[6Jan20, [2, p.39]] Technological advances make manipulation ever easier and (where desired) more subtle, but it is noted that this is not new, citing Hippolyte Bayard's 1840 image (fig. A1), an early pseudo- posthumous selfie (possibly the earliest) created to publicise the fact that Bayard's invention of a direct positive process had not been recognised, the plaudits going to Fox Talbot and Daguerre.
Box B The Cottingley Fairies, 1917
Elsie Wright and Frances Griffiths,
We then move on to the Victorians' (et seq.) obsession with contacting the dead, perhaps occasioned by the number of war dead, which led to the popularity of seances and fake photographs of spiritual entities. The quaint case of the The Cottingley Fairies (fig. B1) faked in 1917 by two teenagers also gets a mention. Perhaps the doctoring of historic photographs in Stalinist Russian should also be considered (David King's The Commissar Vanishes (2014) is a good starting point).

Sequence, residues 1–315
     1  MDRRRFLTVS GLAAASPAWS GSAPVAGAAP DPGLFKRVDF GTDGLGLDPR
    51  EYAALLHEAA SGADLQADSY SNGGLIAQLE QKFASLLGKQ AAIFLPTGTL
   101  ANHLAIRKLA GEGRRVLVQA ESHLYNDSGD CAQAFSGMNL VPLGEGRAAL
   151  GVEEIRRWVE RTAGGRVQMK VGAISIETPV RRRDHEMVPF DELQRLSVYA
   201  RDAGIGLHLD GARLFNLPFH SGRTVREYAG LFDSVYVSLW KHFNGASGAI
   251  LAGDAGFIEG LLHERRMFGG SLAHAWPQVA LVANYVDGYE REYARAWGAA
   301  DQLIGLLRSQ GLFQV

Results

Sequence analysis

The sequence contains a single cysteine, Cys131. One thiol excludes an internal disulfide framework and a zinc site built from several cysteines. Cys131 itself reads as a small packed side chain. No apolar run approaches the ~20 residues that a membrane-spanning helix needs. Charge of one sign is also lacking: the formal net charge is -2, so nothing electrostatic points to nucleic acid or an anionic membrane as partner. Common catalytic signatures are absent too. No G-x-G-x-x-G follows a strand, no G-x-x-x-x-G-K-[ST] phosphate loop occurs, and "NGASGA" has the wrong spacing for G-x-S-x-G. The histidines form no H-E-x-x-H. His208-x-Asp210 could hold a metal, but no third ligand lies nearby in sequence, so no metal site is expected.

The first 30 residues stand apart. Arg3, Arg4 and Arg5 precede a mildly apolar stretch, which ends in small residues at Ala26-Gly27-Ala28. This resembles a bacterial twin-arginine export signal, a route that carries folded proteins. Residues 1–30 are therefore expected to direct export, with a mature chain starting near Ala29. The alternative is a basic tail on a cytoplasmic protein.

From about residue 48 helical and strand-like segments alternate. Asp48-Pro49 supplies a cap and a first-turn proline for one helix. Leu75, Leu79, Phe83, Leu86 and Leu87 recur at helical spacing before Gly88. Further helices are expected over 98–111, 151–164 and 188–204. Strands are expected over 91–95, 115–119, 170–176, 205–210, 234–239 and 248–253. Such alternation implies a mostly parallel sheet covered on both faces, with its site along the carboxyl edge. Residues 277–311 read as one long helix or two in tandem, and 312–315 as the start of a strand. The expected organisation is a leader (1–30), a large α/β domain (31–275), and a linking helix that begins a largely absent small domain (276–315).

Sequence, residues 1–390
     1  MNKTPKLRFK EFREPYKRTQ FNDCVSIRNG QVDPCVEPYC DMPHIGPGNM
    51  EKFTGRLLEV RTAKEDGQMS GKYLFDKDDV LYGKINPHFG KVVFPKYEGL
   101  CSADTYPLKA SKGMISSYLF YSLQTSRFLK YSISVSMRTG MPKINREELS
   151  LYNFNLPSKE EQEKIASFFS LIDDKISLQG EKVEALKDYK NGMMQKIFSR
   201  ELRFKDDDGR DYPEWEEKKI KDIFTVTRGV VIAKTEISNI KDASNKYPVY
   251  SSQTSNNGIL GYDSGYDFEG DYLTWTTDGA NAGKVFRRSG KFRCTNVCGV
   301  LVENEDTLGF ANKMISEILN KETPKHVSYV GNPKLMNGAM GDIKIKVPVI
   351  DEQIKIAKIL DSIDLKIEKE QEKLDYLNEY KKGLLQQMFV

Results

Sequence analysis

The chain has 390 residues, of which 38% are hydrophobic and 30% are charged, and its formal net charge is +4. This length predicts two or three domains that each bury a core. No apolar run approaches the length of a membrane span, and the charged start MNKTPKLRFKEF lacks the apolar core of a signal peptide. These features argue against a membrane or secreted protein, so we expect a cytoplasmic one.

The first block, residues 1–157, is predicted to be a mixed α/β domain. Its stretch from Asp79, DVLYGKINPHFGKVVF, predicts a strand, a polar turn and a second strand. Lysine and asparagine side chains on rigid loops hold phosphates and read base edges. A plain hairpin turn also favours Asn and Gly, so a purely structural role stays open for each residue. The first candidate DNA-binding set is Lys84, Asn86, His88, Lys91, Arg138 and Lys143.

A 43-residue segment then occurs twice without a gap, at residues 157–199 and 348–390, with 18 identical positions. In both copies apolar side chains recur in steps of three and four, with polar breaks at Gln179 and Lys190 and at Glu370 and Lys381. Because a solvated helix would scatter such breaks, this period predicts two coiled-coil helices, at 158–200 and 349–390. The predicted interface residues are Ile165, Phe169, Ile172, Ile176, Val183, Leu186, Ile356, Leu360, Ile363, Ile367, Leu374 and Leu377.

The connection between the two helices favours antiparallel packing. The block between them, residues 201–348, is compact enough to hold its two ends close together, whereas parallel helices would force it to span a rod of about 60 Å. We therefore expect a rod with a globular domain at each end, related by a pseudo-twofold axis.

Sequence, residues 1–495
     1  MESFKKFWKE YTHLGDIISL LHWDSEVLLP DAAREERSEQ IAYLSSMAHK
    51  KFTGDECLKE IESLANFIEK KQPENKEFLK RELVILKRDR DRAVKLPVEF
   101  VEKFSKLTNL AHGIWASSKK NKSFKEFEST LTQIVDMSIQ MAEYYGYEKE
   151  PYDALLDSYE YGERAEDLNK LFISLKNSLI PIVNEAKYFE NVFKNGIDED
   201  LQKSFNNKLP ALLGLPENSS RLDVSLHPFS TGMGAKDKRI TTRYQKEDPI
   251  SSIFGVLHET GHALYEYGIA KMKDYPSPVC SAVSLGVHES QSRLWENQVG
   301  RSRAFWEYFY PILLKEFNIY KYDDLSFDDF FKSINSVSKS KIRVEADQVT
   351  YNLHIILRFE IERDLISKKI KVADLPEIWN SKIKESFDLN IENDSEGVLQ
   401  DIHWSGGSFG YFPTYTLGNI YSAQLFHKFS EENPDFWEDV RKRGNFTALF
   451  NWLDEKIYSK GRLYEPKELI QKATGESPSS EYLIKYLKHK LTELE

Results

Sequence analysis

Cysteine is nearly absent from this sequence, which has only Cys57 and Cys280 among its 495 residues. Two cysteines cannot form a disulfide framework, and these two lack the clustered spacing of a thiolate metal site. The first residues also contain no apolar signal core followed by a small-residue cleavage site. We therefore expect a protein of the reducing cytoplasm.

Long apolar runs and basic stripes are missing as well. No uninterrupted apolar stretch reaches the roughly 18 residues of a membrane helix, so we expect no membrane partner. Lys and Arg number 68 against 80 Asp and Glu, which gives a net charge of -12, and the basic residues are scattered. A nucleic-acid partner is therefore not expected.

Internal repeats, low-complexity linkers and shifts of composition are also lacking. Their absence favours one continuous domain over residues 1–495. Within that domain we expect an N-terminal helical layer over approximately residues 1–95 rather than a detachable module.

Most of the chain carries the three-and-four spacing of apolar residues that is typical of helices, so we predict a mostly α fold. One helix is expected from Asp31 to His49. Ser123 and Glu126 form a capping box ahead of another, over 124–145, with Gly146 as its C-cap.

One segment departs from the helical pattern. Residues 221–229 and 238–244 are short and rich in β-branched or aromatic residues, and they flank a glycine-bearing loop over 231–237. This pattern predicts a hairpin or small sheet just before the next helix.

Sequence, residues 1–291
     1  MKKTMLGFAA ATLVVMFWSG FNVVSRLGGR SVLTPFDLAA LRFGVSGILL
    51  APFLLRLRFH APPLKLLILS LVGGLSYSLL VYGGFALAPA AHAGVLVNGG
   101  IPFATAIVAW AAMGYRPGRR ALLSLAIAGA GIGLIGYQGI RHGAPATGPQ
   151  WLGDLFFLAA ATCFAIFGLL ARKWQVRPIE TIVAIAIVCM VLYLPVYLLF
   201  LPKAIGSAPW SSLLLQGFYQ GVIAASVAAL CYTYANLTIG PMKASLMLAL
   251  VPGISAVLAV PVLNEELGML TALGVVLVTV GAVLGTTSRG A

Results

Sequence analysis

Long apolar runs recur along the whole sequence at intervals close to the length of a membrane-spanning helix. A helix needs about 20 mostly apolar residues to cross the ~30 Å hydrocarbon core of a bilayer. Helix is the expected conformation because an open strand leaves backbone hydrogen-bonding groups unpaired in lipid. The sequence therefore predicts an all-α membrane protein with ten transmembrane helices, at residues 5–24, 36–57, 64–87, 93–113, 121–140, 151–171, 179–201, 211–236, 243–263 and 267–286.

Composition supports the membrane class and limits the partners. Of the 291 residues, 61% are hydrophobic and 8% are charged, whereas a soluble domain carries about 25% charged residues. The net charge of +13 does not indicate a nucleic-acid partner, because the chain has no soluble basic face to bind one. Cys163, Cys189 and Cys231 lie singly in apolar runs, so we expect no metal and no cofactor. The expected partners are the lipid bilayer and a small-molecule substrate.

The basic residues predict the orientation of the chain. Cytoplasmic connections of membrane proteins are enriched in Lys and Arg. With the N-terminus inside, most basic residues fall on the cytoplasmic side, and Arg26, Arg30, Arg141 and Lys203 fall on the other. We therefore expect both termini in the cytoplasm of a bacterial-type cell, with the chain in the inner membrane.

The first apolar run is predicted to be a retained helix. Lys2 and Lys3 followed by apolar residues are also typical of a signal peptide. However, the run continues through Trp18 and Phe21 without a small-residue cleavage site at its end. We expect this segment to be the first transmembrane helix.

Next Oscar Rejlander's bizarre aesthetic blind alley of early constructs, combining the negatives from multiple staged photographs to create complex composite images in imitation of oil paintings of classic and mythical scenes. These must be seen at large scale to be appreciated (fig. C1).
Photoshop an image. See the exercise page for the Tony Blair burning oilfield montage by Peter Kennard and Cat Phillipps.
Box E Solo Violinist, St Mary’s School, Edinburgh,
1998, Wendy McMurdo
[7Jan] But, the cmat continues, manipulation is not always for the purpose of deception, 'some artists have used it to illuminate a subject or add a different point of view [2, p.43]. Step forward my tutor for C&N, Wendy McMurdo and fig. E1.
McMurdo photographed children playing musical instruments and video games, then removed the devices digitally, leaving their looks of absolute concentration.